The Grant Thornton Global Dynamism Index (GDI) 2012, the second annual GDI survey, ranks 50 of the world’s largest economies across 22 indicators of economic dynamism, examining five key areas: business operating environment; economics and growth; science and technology; labor and human capital; and the financing environment.
When it comes to Science and Technology, Israel is considered the most dynamic country in the world according to Grant Thornton 2012 Index survey.
“Israel offers the most dynamic science and technology environment by some distance, due principally to the large proportion of GDP which is spent on R&D (4.3%) – the aspect of science and technology business leaders identified as the most important”, sayes the report, “In the 1990s, Israel welcomed more than a million immigrants from the former Soviet Union into the country, many of them highly qualified scientists and engineers. “The government capitalised on this influx of highly-skilled labour by creating a number of tax incentives for venture capital funds and business incubator programmes, to develop its hi-tech industry”.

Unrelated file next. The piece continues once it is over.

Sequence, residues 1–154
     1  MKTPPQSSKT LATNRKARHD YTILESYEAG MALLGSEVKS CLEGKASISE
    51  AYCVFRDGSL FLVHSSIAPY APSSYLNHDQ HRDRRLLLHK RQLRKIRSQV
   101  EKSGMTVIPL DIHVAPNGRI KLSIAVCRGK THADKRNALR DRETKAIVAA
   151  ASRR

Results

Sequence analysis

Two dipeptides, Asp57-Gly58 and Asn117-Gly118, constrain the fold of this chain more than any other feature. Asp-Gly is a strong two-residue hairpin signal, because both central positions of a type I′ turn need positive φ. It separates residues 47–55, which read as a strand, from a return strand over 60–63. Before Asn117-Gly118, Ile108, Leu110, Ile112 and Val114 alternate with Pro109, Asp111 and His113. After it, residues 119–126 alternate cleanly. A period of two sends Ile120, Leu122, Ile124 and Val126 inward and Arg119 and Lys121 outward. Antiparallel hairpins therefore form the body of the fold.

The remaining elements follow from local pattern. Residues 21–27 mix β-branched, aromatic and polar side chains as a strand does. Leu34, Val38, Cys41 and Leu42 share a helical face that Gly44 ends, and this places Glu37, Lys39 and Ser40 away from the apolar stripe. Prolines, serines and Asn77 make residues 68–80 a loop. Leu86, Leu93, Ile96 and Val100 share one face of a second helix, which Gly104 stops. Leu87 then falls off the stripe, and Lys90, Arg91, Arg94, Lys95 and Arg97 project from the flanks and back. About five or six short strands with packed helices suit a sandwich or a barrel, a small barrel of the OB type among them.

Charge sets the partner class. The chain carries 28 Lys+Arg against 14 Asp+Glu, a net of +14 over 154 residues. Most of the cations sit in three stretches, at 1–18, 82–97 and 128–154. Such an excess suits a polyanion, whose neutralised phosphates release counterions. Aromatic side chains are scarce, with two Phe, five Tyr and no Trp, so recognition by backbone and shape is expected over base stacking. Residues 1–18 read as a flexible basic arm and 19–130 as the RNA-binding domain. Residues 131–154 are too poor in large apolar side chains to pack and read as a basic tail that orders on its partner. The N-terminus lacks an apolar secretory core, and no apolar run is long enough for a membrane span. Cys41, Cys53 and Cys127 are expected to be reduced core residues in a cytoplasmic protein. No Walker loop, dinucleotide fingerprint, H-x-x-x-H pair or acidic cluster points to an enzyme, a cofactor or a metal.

The report says even more:” “Entrepreneurship is strong in Israel, especially in hi-tech industries. The economy not only has the largest number of biotech and overall start-ups in the world per capita, but also the third most NASDAQ-listed companies.”
In the overall Global Dynamism Index rankings, Israel is in eighth place with a mark of 61.8. Australia topped the list with 66.5 followed by Chile (64.5), China (62.7), New Zealand (62.6), Canada (62.3), Finland (62.3) and Singapore (61.9). Behind Israel in ninth and tenth place are Sweden (61.6) and Norway (60.9).
Singapore, Finland, Sweden, Israel and Austria occupy the top five spots for most dynamic economies in the world over the past 12 months, and indicates of the strength of each economy as a place for dynamic businesses to flourish. The United States ranks 10th (of 50), and China ranks 20th (of 50).